The New York Times was forced to issue a major correction this week after an article attacking the President’s recently passed tax plan was proven wildly incorrect; falsely claiming a middle-income couple would owe nearly $4,000 more in federal taxes instead of actually receiving a refund.
The Times published the article in late February, called “Get to Know the New Tax Code” ahead of the national deadline; discussing how the new guidelines would impact a “hypothetical family” with a dual income and a 22% tax bracket.
The Trump hit-piece then claimed the “family would owe $3,896 more in taxes under the new law,” totally ignoring the couple’s “size-able deduction” for income.
The Times issued a formal correction to the inaccuracy days later, writing “An earlier version of this article incorrectly described the probable effect of the new tax law on a hypothetical couple’s 2018 tax bill.”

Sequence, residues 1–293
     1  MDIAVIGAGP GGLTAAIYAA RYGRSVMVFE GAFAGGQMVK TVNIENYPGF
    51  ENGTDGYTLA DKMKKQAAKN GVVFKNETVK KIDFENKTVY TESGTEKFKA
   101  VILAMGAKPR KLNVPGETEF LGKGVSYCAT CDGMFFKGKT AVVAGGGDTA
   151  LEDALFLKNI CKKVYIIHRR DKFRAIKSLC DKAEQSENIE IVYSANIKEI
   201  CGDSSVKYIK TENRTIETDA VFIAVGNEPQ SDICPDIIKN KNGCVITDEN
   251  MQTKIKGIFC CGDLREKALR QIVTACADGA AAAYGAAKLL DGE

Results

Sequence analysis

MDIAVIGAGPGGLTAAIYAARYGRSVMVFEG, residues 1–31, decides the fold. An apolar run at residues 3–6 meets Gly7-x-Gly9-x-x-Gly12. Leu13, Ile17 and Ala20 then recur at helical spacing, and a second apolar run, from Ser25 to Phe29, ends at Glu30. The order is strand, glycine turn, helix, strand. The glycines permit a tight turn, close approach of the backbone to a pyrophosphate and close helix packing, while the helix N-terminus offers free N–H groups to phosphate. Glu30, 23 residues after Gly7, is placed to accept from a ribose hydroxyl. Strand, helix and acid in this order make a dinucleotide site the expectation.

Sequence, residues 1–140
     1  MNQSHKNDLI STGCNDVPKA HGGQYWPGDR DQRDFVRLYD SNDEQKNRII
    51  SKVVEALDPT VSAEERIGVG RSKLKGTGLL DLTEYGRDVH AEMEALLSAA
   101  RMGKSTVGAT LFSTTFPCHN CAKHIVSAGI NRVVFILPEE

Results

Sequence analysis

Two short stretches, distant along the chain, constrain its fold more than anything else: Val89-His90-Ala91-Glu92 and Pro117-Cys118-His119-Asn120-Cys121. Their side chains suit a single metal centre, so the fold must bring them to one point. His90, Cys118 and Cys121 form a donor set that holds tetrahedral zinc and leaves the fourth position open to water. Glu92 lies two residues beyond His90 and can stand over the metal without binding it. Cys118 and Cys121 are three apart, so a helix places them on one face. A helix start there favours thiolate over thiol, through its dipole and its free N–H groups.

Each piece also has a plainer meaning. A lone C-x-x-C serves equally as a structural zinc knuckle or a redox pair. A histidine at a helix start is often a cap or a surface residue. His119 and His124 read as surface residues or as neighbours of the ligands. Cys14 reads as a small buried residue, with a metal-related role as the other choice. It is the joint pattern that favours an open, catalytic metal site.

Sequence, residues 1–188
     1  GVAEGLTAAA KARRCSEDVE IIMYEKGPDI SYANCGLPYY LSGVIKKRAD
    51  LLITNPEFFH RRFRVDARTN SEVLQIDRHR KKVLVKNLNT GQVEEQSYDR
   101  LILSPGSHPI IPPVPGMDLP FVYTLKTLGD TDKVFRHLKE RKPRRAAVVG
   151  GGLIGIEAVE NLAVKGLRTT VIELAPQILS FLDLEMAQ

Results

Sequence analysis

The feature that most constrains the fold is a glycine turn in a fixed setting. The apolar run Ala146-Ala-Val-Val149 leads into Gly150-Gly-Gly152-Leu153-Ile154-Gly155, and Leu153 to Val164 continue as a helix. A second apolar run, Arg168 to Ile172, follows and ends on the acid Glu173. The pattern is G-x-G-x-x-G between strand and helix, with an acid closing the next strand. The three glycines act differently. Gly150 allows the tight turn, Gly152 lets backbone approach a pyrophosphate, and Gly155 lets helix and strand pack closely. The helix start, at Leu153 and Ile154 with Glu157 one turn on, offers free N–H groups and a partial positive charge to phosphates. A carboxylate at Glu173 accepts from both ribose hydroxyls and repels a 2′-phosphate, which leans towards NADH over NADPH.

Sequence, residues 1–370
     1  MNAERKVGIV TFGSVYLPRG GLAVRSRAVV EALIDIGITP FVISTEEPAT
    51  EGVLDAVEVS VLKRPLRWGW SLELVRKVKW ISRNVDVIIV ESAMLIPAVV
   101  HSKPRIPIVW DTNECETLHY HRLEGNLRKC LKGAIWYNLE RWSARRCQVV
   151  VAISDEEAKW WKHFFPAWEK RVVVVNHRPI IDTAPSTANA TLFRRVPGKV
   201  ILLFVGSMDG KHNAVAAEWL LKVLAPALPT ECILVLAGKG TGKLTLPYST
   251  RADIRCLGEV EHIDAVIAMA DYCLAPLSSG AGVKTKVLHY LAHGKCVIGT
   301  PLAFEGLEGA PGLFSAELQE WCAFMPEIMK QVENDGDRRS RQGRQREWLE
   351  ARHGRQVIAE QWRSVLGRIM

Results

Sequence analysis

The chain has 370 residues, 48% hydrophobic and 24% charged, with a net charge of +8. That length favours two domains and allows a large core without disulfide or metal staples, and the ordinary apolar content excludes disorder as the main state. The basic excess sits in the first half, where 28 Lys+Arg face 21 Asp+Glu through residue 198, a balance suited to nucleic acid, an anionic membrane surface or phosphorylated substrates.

“The projection for their 2018 taxes failed to indicate that the couple would probably be entitled to claim a sizable deduction for income earned from consulting. As a result of that deduction, the amount they would likely owe on taxes would decline by $43, not rise by $3,896.”